|reply to 88615298 |
That depends on whether we solve the need by granting every available mhz to incumbents or if there is a need for an alternative that motivates new competitors invest and provide the additional capacity.
If current players don't have a crunch but create one and then proceed to acquire all they can, it leaves competitors with whatever crumbs are left or leasing wholesale capacity from incumbents.
There's nothing wrong with corporations doing all they can to increase their competitive edge. We expect no less from sports teams that exploit every possible talent achieve a winning record. However, when they try to do it by pulling a Jeff Gillooly (Tonya Harding), there has to be a good set of rules and a diligent referee/umpires/judge mechanism to prevent it. If it's already occurred, then they alert the executive branch so they can step in and enforce the rules.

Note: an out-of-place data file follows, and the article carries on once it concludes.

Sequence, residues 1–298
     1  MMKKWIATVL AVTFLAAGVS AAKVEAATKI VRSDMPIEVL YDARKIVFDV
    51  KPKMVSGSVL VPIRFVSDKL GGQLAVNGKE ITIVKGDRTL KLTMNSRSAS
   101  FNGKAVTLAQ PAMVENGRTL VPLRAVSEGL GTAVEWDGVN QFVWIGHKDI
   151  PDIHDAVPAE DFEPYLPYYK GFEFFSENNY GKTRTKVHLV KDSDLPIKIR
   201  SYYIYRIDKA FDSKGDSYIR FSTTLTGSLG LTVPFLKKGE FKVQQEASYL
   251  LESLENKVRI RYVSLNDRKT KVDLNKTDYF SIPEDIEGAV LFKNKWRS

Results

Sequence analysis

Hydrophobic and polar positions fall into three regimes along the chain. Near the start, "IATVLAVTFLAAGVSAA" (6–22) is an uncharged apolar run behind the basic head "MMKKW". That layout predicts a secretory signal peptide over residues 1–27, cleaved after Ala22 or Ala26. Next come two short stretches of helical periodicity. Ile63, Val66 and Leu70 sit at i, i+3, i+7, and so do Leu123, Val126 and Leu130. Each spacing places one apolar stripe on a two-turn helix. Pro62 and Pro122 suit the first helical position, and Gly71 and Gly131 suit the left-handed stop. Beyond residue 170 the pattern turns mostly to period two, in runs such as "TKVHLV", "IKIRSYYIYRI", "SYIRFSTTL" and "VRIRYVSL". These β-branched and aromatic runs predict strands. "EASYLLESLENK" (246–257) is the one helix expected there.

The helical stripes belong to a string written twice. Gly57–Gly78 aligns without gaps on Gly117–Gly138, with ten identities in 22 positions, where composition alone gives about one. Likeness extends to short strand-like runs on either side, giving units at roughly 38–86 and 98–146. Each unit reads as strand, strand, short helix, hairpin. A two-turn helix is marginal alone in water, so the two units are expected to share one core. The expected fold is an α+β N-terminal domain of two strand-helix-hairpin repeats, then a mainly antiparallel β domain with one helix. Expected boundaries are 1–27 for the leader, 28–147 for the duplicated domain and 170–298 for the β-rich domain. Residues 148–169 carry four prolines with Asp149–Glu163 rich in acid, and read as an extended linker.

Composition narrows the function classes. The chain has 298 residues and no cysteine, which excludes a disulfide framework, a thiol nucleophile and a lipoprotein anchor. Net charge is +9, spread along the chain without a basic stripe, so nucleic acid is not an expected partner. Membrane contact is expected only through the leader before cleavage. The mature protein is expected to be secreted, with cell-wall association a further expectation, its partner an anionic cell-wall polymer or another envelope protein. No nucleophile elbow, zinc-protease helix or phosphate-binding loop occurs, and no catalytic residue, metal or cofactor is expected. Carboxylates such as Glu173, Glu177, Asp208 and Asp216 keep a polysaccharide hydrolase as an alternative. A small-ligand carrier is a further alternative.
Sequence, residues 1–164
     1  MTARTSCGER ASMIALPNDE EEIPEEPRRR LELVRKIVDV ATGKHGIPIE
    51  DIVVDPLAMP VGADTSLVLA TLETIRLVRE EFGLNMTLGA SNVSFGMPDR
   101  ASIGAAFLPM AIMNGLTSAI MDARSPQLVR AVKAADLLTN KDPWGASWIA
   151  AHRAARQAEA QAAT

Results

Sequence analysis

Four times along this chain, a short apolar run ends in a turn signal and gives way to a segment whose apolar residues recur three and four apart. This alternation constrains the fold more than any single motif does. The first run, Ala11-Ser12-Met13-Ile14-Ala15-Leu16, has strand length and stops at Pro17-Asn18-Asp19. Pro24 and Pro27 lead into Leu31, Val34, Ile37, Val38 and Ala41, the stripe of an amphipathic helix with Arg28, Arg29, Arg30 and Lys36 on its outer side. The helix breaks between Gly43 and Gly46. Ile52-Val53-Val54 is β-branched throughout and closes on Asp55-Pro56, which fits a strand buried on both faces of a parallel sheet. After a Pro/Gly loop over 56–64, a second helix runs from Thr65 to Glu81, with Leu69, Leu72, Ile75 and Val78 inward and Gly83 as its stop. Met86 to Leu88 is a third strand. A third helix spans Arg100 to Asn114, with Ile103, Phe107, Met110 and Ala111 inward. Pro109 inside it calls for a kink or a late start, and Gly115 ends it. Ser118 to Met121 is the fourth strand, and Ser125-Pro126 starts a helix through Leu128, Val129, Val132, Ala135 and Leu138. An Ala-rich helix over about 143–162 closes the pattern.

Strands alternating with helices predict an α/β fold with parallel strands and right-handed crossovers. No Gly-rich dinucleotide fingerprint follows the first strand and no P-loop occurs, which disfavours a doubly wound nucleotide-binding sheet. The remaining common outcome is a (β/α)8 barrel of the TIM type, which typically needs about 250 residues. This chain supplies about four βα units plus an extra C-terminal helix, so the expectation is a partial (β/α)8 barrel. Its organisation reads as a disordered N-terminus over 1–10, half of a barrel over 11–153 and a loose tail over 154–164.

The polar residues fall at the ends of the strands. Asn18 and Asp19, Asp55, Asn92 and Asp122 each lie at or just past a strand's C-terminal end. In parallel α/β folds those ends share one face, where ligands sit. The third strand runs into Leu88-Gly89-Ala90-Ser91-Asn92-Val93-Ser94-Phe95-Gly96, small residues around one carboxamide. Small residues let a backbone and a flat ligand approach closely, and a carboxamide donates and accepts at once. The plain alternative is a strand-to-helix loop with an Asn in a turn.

It's also part of every corporation's mission to complain about the rules and, if they can, get them changed to their advantage.
The real question is do we have such rules and such a mechanism to adequately govern telecommunications free enterprise? Maybe we do. Maybe we don't.
In closing, whats wrong with consumers voicing concerns in opposition of corporations that use every conceivable angle to separate us from our money and be successful?